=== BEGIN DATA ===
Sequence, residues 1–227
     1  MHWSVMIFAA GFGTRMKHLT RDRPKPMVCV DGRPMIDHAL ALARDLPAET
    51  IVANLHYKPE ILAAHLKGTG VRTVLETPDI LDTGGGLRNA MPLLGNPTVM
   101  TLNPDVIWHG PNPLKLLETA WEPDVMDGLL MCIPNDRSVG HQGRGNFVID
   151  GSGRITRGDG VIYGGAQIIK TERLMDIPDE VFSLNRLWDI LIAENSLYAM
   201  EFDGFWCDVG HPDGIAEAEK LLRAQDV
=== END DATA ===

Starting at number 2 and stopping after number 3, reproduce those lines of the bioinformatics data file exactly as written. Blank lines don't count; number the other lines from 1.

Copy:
     1  MHWSVMIFAA GFGTRMKHLT RDRPKPMVCV DGRPMIDHAL ALARDLPAET
    51  IVANLHYKPE ILAAHLKGTG VRTVLETPDI LDTGGGLRNA MPLLGNPTVM